It is really important to understand how elevation changes affect ball flight when playing golf shots because all golf courses will have some degree of elevation change on them.
Let us consider the effect that elevation changes have.
If you are playing a shot that is going to land on an area much lower than you are playing from, the ball will be landing more vertically than usual so it stops much more quickly and will not run forward. Playing to a lower surface will also mean that the golf ball will have an extended flight time in the air and therefore fly further than usual. To allow for this, when playing to an area lower than you are hitting from, use less club. If you would usually hit a 7 iron for the distance you are faced with, hit an 8 or even 9 iron, depending on the amount of elevation change.
If you are playing the shot from a downhill slope you also need to set up slightly differently from a shot played from a horizontal, flatter lie position. When playing from a flat lie you set up with your spine perpendicular to the ground and with your weight evenly spread between your left and right foot. When on a slope you need to recreate the same relationship between your spine and the ground. To achieve this, tilt your spine until it becomes perpendicular to the ground and your shoulders reflect the angle of the ground you are stood on. This will now result in more weight being placed on your lower foot. Work on holding this spine position as you swing the club so that the club head moves up the slope angle as you swing back and then down with the slope angle as you hit the ball and follow through. Have the ball slightly towards your higher foot to help you strike well. A shot from this type of slope will always fly slightly lower than usual, another reason to use a club with more loft and it will tend to swing left to right in the air, due to the effect that the slope is having on your movement and the club, so aim left to allow for this.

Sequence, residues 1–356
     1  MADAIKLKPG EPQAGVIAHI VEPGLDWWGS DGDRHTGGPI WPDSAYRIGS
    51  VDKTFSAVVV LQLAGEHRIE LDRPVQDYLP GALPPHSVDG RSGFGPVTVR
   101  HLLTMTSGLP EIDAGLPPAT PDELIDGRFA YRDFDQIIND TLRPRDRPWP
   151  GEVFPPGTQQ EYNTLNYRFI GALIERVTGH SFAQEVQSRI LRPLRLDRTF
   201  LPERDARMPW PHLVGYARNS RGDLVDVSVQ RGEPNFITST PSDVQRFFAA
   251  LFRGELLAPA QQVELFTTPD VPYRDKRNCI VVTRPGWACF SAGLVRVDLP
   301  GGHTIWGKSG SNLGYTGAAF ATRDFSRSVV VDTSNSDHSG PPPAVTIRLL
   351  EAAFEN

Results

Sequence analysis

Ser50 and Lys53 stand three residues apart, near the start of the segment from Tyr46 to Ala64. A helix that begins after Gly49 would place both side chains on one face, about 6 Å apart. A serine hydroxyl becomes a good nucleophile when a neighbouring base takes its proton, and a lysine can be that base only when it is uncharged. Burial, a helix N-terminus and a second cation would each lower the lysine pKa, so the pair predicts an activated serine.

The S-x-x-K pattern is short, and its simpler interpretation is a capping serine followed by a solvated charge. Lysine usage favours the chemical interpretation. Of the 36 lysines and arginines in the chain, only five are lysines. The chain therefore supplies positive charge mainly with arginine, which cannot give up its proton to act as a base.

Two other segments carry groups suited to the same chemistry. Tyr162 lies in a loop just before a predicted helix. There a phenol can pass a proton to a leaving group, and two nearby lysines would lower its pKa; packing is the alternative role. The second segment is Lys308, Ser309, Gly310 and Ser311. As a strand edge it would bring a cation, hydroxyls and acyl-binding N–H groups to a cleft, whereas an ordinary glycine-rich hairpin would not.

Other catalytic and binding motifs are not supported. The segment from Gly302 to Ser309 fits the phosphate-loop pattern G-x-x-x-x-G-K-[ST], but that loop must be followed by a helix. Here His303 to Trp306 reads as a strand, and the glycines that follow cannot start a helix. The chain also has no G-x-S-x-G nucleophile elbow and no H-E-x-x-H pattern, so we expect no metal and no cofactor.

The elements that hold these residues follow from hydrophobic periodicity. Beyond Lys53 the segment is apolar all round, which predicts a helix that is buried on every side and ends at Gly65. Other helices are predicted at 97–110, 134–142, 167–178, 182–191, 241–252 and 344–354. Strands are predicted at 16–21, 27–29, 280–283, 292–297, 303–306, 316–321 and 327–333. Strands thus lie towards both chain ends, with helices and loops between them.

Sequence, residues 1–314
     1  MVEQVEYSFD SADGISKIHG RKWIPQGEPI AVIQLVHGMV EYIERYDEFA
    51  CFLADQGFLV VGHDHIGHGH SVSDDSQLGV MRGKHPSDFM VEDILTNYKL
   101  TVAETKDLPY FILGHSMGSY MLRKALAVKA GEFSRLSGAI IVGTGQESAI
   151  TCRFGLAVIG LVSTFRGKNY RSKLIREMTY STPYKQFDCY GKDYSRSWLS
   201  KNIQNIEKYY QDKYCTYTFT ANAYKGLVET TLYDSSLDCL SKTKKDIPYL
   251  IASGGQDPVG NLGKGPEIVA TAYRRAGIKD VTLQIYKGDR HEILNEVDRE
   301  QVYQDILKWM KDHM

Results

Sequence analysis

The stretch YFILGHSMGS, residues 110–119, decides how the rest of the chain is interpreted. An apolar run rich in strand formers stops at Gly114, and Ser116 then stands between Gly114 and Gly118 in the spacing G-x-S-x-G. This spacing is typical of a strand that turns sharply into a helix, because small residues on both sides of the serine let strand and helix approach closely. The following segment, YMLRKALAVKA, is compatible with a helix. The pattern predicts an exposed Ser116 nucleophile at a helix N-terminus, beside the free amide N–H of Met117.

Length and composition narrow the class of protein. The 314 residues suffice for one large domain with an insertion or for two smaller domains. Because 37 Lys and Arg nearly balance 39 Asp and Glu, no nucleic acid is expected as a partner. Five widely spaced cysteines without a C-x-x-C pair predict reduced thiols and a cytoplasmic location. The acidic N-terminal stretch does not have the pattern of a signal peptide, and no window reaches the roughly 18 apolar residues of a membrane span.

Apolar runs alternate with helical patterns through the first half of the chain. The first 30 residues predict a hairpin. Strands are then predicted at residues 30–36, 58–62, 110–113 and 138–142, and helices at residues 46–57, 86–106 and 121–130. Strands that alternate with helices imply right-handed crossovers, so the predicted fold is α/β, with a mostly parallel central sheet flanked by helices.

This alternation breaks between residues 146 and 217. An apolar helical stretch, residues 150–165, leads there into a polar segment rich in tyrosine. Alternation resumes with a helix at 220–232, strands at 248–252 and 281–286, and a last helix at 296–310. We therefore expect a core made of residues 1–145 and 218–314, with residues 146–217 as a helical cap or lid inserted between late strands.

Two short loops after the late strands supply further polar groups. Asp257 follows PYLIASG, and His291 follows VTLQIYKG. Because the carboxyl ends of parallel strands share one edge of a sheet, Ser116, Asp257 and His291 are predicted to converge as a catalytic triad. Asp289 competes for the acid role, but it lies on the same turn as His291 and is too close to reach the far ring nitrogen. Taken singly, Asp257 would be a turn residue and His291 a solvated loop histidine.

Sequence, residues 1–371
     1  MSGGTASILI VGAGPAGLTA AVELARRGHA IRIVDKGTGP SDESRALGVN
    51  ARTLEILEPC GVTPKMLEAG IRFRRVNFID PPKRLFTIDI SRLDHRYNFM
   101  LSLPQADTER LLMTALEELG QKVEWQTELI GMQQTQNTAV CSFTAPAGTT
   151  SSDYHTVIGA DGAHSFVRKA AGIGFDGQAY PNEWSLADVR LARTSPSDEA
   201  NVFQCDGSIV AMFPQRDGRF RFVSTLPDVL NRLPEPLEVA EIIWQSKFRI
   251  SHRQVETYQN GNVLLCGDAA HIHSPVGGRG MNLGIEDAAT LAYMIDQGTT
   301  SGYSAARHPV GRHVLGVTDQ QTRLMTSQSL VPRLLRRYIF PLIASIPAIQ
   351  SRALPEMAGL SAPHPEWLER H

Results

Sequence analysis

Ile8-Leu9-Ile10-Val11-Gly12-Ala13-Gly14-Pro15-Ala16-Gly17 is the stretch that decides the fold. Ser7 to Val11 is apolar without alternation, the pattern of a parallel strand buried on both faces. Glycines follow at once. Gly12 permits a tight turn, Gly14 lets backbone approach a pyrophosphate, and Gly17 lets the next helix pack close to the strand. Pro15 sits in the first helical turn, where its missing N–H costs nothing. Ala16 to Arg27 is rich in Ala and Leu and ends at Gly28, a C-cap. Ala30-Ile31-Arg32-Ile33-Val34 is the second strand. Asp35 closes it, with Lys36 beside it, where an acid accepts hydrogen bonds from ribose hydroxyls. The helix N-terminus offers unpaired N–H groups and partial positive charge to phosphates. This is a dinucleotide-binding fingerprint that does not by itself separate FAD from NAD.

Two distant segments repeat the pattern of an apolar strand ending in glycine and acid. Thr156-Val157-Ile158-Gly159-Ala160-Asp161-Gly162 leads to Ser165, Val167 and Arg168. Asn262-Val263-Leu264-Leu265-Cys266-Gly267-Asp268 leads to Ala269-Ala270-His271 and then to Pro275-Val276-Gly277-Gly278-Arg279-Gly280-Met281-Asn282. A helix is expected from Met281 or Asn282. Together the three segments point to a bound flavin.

Playing shots to areas that are higher than you are hitting from, is opposite to this. The ball is not in the air or in it's trajectory for as long as usual, due to the up slope. The ball will land earlier than usual so it will not fly as far as normal. Take more club to play your shot to allow for this. Instead of using a 7 iron, take a 6 or 5 iron. Also think of the slope you are hitting from, an uphill slope is like a launch pad for the ball to fly upwards so you need less loft for this reason. With the downhill slope, set up so your spine is perpendicular to the floor. Place your weight on your lower foot and the ball towards your higher foot. The ball will tend to fly right to left because of the effect that the slope is having on your swing so aim to the right - how much depends on the severity of the slope.